Citric acid is available on Amazon for about $20 for a 5 lb bag of food grade powder.
Potassium metabisulfite is available at most homebrew shops since it is also sold as yeast nutrient.

Tuesday, January 22, 2013

Batch 134, 11-11-11 repeat

What a fucked up brew day. Ugh. This was supposed to be a repeat of the fabulous 11-11-11 End of the World beer, but I'll have to see how this one comes out. Like last time, this is a partigyle batch, so 5 gallons of End of the World, and 5 gallons of a smaller beer that I'm calling "Muddy Waters".

10 gallon partigyle batch

22 lbs 2-row
8 lbs wheat
1 lb crystal 120
0.5 lb crystal 60
0.75 lb chocolate malt

Mash at 152F for 60 minutes with 11 gallons of water. I'd forgotten that this maxes out my mash tun, and actually overflowed it a bit. Completely full! What I didn't know at the time was that the elbow from the valve to the false bottom fell out. When I tried to vorlauf, all I got was lots of grain and it never cleared, so I pumped it through a strainer into a bucket. I sure as hell hope hot side oxidation is a myth. Fortunately, my pump was up to the task and had no problem pumping wort and grain at the same time.

The small batch was the same, I went ahead and added 7 gallons back to the MT and pumped through a strainer into buckets, then dumped the buckets back into the kettle for boiling. What a mess. I used all my buckets for this and that. I had 6 (six!) five gallon buckets in play during the mash out.

I'm pretty sure what happened is I pump hot water from the HLT into the MT through the bottom and that blew the elbow out of the inside of the valve. Since I was using 2 boil kettles, I quickly retrofit them to use my older SS braids. Those are tried and true, and the false bottoms don't seem to work very well. As it turns out, they did a great job for keeping the hops in the kettle, but I still had a lot of wort left behind since the fucking elbow leak where they connect to the valves. I seem to have spent a lot of money on an "upgrade" that doesn't work very well.

End of the World hops:
6 oz Chinook at 60 minutes. That is all.

OG: 1.110, actual 1.090, which I'm assuming is from the screwing around with the mash.
IBU: 111 -- yeah, maybe.

Muddy Water Hops:
1 oz Galena, 60 minutes
1 oz Perle, 30 minutes
1 oz Calypso, 5 minutes

OG: 1.055, actual 1.045, and that's probably a bit generous.

I used Wyeast 1272, American Ale II in both. They are bubbling away nicely at the moment, so I'm sure there will be beer. Maybe not quite the awesomeness of End of the World, though.

Update 14 Jan 2014, put this on tap on my nitro spout. Initial taste test is pretty darn good, actually.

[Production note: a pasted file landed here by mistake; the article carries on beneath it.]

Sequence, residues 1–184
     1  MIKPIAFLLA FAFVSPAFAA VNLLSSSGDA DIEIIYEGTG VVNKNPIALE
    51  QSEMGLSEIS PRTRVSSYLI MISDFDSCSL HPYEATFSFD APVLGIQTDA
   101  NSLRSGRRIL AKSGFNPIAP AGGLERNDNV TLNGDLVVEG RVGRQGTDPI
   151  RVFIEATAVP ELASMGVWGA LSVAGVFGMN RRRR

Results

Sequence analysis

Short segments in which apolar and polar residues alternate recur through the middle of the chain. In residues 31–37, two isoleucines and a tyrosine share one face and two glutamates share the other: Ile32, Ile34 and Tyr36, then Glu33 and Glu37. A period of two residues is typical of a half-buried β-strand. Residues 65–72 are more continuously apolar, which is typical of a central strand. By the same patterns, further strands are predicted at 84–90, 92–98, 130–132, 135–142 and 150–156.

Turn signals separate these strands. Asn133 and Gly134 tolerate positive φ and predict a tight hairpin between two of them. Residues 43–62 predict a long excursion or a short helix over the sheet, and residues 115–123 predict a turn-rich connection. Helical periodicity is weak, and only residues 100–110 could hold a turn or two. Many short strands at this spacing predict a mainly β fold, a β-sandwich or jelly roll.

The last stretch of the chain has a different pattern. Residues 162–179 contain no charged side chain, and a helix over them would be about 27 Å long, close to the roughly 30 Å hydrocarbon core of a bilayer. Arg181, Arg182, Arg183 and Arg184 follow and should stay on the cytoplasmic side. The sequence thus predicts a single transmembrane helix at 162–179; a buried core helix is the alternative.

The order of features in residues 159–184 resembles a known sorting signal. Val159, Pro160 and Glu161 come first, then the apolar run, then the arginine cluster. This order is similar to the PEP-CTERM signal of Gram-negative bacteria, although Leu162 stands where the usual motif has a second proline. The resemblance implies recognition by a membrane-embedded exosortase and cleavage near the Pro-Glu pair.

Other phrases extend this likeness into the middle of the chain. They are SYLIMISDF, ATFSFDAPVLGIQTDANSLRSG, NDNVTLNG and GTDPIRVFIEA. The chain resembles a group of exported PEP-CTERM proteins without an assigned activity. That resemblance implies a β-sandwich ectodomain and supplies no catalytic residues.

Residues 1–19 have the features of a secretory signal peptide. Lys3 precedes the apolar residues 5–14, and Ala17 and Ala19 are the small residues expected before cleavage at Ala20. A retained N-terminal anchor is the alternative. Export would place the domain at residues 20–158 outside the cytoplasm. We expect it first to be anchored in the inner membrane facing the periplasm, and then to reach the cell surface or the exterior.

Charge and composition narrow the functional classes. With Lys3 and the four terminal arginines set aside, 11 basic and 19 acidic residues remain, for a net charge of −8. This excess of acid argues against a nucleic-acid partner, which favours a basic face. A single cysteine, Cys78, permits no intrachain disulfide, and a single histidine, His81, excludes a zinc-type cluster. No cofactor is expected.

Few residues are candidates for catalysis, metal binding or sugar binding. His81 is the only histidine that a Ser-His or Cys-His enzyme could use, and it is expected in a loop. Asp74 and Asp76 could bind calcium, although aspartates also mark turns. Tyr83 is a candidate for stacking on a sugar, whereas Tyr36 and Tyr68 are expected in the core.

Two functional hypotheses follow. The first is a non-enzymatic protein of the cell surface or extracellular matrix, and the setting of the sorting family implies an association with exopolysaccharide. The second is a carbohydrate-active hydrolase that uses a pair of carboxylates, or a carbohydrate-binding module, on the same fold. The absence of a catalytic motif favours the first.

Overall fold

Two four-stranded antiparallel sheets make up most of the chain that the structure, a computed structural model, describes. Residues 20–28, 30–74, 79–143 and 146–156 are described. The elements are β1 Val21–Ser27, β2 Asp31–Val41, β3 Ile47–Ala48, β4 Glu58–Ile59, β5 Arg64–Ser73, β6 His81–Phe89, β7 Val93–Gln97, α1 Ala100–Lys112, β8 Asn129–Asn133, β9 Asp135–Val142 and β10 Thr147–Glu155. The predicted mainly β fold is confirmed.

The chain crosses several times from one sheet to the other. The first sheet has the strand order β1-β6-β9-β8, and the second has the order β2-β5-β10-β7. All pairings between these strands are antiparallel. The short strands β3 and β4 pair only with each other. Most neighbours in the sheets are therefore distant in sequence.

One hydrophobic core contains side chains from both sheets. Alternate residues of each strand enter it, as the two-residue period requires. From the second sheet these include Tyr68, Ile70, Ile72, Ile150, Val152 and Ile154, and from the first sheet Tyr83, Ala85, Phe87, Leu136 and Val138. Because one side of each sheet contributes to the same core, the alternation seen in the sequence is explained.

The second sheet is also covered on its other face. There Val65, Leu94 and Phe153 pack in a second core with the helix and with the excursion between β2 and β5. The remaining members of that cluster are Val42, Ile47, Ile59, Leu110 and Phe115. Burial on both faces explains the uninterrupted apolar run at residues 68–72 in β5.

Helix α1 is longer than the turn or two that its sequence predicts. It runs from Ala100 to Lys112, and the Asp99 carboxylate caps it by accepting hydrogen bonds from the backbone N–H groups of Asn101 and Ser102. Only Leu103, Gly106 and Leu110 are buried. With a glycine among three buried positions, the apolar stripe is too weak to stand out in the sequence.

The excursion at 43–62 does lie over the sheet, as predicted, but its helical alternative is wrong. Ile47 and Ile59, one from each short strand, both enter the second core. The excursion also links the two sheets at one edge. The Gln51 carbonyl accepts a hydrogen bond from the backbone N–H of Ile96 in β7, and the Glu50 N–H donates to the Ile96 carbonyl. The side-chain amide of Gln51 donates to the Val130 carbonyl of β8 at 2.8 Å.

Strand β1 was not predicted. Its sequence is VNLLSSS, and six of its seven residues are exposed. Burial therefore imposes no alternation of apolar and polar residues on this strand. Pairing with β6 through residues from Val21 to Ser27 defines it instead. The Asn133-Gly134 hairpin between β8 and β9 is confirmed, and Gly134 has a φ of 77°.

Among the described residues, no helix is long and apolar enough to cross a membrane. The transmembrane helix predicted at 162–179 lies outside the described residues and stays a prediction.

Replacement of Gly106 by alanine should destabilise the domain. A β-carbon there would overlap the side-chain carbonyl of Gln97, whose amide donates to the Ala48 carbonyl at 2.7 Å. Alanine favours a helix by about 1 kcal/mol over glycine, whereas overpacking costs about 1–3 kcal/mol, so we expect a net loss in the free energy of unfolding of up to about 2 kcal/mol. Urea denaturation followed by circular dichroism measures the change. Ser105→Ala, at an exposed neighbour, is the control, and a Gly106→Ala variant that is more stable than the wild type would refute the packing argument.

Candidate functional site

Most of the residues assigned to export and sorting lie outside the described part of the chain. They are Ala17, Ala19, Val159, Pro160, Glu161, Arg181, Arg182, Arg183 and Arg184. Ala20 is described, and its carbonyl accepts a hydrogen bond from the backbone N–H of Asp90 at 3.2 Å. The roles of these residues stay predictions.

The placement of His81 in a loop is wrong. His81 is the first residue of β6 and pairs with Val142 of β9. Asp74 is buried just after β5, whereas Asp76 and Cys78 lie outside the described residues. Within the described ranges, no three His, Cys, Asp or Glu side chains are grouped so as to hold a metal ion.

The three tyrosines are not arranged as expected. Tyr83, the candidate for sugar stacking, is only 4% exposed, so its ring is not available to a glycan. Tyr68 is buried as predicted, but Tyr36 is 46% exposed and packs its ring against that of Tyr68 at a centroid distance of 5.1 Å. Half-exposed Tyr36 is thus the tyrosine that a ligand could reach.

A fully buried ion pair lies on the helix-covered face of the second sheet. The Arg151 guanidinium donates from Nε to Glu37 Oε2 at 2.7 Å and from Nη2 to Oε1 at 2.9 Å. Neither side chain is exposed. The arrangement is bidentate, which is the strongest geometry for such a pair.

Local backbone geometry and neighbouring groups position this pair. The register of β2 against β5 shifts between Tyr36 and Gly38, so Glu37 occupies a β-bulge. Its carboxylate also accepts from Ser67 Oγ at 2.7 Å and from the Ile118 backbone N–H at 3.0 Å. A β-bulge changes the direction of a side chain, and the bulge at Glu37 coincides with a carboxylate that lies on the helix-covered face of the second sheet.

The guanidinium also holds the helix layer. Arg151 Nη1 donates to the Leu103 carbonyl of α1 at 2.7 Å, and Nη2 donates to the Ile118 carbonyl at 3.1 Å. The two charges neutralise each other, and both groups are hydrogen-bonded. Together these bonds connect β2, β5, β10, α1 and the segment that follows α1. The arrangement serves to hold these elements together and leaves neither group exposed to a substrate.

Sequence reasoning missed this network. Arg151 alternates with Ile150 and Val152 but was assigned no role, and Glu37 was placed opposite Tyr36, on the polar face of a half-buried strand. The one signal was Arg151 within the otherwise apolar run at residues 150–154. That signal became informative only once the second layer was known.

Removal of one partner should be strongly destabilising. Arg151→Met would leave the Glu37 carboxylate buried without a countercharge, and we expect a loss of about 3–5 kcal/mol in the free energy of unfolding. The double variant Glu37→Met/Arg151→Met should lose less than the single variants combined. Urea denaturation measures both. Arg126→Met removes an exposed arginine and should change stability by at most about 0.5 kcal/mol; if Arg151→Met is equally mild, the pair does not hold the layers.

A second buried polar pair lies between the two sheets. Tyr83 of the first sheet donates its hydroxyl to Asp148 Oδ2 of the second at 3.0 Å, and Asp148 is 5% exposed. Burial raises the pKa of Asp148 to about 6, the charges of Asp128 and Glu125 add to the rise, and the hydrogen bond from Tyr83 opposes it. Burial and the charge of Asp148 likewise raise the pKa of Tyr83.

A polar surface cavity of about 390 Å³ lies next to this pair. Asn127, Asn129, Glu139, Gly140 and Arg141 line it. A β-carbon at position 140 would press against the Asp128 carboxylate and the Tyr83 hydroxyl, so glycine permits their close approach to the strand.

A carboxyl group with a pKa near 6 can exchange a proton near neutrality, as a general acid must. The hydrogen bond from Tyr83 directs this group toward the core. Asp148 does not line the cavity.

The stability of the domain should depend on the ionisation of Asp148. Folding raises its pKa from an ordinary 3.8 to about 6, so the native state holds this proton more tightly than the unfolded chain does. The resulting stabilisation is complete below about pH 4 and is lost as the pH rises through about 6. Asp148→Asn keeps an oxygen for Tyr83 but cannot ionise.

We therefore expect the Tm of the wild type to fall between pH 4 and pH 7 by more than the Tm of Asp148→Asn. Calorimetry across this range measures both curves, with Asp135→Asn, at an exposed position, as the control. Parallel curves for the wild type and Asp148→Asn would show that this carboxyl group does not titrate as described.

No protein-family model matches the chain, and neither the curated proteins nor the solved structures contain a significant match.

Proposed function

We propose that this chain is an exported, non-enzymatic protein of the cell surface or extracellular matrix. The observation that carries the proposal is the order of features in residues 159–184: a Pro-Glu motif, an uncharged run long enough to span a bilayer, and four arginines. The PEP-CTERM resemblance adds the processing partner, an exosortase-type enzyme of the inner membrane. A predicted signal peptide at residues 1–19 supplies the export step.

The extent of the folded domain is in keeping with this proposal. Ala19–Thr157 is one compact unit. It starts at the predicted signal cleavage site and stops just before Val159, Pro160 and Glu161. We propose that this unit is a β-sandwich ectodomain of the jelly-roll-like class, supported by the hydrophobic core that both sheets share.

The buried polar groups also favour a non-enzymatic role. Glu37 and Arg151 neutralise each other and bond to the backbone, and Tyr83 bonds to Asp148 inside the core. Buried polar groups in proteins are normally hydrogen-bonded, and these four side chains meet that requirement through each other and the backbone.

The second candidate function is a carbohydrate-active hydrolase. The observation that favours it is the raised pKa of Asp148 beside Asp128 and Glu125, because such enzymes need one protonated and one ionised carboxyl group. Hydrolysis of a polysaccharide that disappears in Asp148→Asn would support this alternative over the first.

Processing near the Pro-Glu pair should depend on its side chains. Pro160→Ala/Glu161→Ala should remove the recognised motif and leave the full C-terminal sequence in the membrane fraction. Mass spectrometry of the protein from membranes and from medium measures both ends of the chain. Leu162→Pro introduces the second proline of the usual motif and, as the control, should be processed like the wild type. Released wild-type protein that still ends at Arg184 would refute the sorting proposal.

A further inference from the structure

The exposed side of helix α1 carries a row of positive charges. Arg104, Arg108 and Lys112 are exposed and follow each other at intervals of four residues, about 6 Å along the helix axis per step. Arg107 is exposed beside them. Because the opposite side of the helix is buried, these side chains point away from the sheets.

Monday, January 21, 2013

Batch 133, Oktoberfest

It seems a little early to brew an Oktoberfest, but I'm still drinking last year's batch because it wasn't ready until late November. This year I went with an entirely different recipe. I have yet to figure out a decent Oktoberfest. Crossing my fingers!

10 gallon batch

16 lbs Munich
10 lbs 2-row
1.5 lbs crystal 60

Single infusion mash at 154F for 60 minutes.

1 oz Magnum, 60 minutes
2 oz Magnum, 5 minutes
1 oz Magnum, flame out

Wyeast 2124, Bohemian Lager yeast. Yeah, that's not right, but I had it on hand and it needed used. It'll will make beer, regardless.

OG: 1.062
FG: 1.015
SRM: 17
IBU: 26
ABV: 6.0%

SRM is a little dark for the style. I almost left out the 2-row and went with just Munich, but thought that was a little much. 

Saturday, January 19, 2013

Bourbon Barrel, part 4

I hauled the barrel out of my basement in the middle of the summer and put it out in the basketball area behind my garage. I brew there, so I keep a fairly close eye on it and keep it topped off with water so it doesn't dry out. It got cold, I started brewing inside the garage, and sort of forgot about the barrel. Then it snowed, and the temperature dropped to single digits. Bad news for the barrel.

The barrel was completely full of water. When it froze, it pushed out the barrel end.

I set up a tarp and a heater and got it thawed out. The head came out during the thawing.

A few of the boards making up the head were cracked, so I glued them back together. The head itself is put together dry. There are dowels, but no glue between the boards.

Since the end of the barrel was off, I took a few pictures of the inside. Here I'd pulled off the two end hoops so there will be some slack to be able to put the head back in.

I make a few new dowels to replace the ones that had broke, then pounded the boards together with a rubber mallet.

Looks pretty good. There is still a little surface splitting just to the right of the "bourbon".
Looks pretty good. Here the head is in, but the hoops are not on yet, so there are still some gaps visible.

Repaired! It still needs filled and seasoned, but I think it's good for a barleywine now.